Overview: Diana and Bruce begin their investigation of King Elatha’s death.
Synopsis (spoilers ahead): Three spirits awaken Bruce and ask him if he would want to take a bath since a natural hot spring is nearby. In a daze, Bruce climbs into the spring for a bath and moment of relaxation. Diana enters the cave and tells him that when he has “finished skinny-dipping” he needs to suit up.
On horseback, Diana and Bruce travel the countryside of Tír na nÓg admiring the natural beauty. Bruce comments that although the land is beautiful, it is too quiet – like the natives are hiding from them. Diana states that Cernunnos said that the Tuatha Dé Danann and the Fomorians swore an oath to remain in Tír na nÓg. They are natural enemies, and living in seclusion does not help foster a lasting peace.
Bruce discusses that in Gotham, he and Alfred were discussing the possibility to create a device that can detect magic. With time playing by different rules and other magical phenomena, Bruce needs a stream. Like us readers, Diana is completely confused by what he means by a “stream.” He explains that his process is based on logic and science; he needs evidence that can be scrutinized by the scientific method. He also tells her that he is not ignorant to the notion that although he uses his rational mind for problem-solving, his subliminal thought processes are crucial for putting things together and drawing new conclusions. He asks how he is able to solve something that is seemingly impossible. He realizes that he cannot use his normal methods for his case, he needs to know more of the lore. He will need to solve this case with his intuition and not his scientific mind.
He remembers that one of his nannies, Dora, told him an Irish fable. She told him that one can see through faerie magic if they find a rock with a natural hole in it. Diana and Bruce go to a stream, and among the rocks, Bruce finds the stone that he needs. With the rock, they notice multiple creatures following them. Diana reassures the creatures that they are not in danger; they came to investigate their king’s death. Bruce questions the group about whether King Elatha commanded their people to raid and set ablaze villages. After some back and forth, Bruce postulates whether the Tuatha Dé Danann did murder their king, or if the Fomorians killed him to restart the conflict between their respective peoples.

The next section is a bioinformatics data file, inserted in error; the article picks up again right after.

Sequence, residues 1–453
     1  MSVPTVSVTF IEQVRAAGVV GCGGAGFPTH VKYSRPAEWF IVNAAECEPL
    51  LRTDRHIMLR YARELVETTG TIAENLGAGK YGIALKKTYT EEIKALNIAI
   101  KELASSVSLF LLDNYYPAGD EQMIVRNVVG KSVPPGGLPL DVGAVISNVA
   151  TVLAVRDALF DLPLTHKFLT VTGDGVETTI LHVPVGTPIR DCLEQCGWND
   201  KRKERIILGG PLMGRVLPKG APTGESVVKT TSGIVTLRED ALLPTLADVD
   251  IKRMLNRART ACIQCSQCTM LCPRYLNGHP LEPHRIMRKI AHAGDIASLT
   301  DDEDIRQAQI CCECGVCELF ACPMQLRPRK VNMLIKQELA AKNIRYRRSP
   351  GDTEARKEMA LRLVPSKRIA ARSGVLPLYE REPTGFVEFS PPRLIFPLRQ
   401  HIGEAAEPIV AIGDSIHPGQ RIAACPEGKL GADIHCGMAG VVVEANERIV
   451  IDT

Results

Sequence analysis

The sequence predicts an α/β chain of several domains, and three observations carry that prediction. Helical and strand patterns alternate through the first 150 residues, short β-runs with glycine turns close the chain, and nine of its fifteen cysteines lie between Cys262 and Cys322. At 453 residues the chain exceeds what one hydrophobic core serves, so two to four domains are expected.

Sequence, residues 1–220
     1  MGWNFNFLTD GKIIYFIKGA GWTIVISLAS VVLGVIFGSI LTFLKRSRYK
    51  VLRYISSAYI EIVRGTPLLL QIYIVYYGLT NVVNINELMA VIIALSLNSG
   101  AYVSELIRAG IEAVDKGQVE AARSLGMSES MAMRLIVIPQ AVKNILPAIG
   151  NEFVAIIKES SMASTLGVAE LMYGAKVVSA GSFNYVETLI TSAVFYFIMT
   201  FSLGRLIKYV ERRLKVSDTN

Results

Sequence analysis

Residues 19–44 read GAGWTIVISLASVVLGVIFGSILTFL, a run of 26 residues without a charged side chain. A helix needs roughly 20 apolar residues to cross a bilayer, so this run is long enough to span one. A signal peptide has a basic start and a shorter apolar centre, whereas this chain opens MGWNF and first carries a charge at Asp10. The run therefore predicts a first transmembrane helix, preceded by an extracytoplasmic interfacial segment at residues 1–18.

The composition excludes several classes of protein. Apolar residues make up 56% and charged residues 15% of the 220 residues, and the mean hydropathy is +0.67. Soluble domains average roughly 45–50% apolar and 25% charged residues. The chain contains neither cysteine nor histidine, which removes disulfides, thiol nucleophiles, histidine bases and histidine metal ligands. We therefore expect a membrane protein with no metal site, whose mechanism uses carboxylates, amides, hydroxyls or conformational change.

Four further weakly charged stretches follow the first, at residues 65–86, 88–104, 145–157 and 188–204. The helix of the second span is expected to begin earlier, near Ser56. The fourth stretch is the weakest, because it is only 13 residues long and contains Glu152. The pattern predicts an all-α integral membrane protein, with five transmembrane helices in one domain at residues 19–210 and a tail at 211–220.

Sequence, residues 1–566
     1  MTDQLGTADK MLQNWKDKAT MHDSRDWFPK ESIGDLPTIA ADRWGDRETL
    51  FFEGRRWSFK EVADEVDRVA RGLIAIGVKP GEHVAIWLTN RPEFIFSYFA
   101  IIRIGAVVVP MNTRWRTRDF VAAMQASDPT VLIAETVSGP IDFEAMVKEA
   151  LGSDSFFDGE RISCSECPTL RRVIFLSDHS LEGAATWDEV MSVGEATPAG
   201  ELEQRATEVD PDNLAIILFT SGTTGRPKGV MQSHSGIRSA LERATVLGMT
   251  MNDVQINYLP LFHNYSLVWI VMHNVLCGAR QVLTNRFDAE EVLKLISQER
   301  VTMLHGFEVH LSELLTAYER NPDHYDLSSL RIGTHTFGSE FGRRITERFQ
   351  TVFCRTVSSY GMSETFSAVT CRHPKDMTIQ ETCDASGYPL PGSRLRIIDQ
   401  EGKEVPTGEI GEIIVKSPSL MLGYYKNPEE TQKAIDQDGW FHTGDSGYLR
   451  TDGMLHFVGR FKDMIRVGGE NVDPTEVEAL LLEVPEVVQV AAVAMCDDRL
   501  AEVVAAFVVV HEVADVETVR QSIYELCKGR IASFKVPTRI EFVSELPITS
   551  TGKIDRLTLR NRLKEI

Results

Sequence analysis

With that statement, Bruce and Diana are attacked for his “disrespectful” question. After finishing them off, she states that he was not very diplomatic and the situation could be handled differently. He admits that his methods were effective despite the scuffle: they now know although King Elatha seemed disengaged with his people, he was extremely capable and clever. Bruce questions Elatha’s fake aloofness and why he stayed in that state when he wanted social change. Bruce deduces that the raids were some type of distraction; there is some deeper plot lurking in the shadows. He also questions who stands the most to gain with his murder. Before he can continue, he needs to learn more about this place.